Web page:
+- -+ | Ax Bx Cx Dx | V' = [(Vx-Fx) (Vy-Fy) (Vz-Fz) (Vw-Fw)] | Ay By Cy Dy |, | Az Bz Cz Dz | | Aw Bw Cw Dw | +- -+where Fx, Fy, Fz and Fw are the coordinates of the from-point and Vx, Vy, Vz and Vw are the 4D world coordinates of the vertex. This equation yields the 4D eye-coordinates of the vertex: V'.

Now that the vertices have been transformed from 4D world coordinates to 4D eye coordinates, we can project them to the normalized [-1,+1] x [-1,+1] x [-1,+1] region in three-space. As for the 3D to 2D case, this projection can be either parallel or perspective. The equations for these projections are extensions of equations 4.2a and 4.2b.

The equations for parallel 4D to 3D projection are extended from equation 4.2a by one coordinate:

V'x V'y V'z [4.3a] Qx = ---, Qy = ---, and Qz = ---, R4 R4 R4where R4 is the radius of the set of 4D vertices about the to-point. Dividing by this radius ensures that the vertices are projected to fill the intermediate region as much as possible without extending past the boundaries.

In equation 4.2b, the X and Y eye coordinates are divided by the Z eye coordinate to yield the perspective projection. In the 4D to 3D perspective projection, this “depth” is similarly achieved by dividing by the W eye coordinate (which corresponds to the four-dimensional line-of-sight).

Figure 4.4 contains a diagram of the 4D normalized perspective projection. The derivation of the normalized 4D perspective projection follows the same reasoning as for the 3D normalized perspective projection. The equations are

[4.3b] V'x V'y V'z T = tan(theta4/2), Qx = -----, Qy = -----, and Qz = -----. V'w T V'w T V'w Twhere theta4 is the 4D viewing angle. These equations yield values in the range of [-1,+1] for vertices that lie in the 4D viewing frustum.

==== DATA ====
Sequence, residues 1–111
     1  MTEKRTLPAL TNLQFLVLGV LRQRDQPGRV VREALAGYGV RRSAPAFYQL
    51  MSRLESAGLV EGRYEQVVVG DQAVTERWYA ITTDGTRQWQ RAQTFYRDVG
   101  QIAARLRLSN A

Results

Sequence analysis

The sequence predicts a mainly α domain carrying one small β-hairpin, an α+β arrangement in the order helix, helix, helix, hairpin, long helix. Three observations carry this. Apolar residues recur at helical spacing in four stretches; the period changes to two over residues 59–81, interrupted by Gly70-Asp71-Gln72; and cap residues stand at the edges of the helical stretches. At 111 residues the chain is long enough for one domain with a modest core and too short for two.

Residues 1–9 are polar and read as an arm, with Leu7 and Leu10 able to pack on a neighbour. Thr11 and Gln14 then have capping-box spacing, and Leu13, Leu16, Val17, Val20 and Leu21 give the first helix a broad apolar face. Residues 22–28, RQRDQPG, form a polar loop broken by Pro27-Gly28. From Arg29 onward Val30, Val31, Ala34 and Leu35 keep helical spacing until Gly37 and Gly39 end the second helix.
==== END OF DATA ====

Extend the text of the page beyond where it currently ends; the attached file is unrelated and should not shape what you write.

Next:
Mapping the projected points to a viewbox in three-space can be accomplished in the same manner that we mapped normalized 2D coordinates to the 2D viewport. Given the viewbox parameters

- Bx, By, Bz
- The center of the viewbox region, and
- Dx, Dy, Dz
- The length of the viewbox sides,

Dx Dy Dz [4.3c] Px = Bx + -- Qx, Py = By + -- Qy, and Pz = Bz + -- Qz. 2 2 2As mentioned earlier, the intermediate 3D region used in this research is the cube with vertices <±1, ±1, ±1>, centered at the three-space origin. For this particular region, Bx = By = Bz = 0, and Lx = Ly = Lz = 2, so the simplified equations are

V'x V'y V'z Px = ---, Py = ---, and Pz = ---. R4 R4 R4for 4D to 3D parallel projection, and

T = tan (theta4/2) V'x V'y V'z Px = -----, Py = -----, and Pz = -----. V'w T V'w T V'w Tfor 4D to 3D perspective projection.

The routine to project the four-dimensional vertices to the three-dimensional region is given by the following algorithm (the algorithm presented here does not perform any type of 4D clipping):

double Radius; // Radius of the 4D Vertices int NumVerts; // Number of Vertices Radians Vangle; // 4D Viewing Angle Point4 *VertList; // Vertex Array Vector4 Wa,Wb,Wc,Wd; // 4D Transformation Matrix Column Vectors void ProjectTo3D (ProjectionType proj_type) { double S,T; // Divisor Values Vector4 V; // Scratch Vector if (proj_type == PARALLEL) S = 1 / Radius; else T = 1 / tan (Vangle / 2); for (i=0; i < NumVerts; ++i) { VecSub (V, VertList[i].Position,From); if (proj_type == PERSPECTIVE) S = T / Dot4 (V, Wd); VertList[i].Position[0] = S * Dot4 (V, Wa); VertList[i].Position[1] = S * Dot4 (V, Wb); VertList[i].Position[2] = S * Dot4 (V, Wc); } }

Rotation of the 4D wireframe is a tremendous aid in understanding the fundamental structure of the displayed object. This rotation is best done by tying the rotation input to mouse movement. The wireframe program written for this research uses the horizontal movement of the mouse only. Restricting the rotation input to a single plane helps only somewhat for three-space rotation, but greatly helps with four-space rotations, where it's more difficult to figure out how to “undo” a particular pair of rotations of the four-space viewpoint.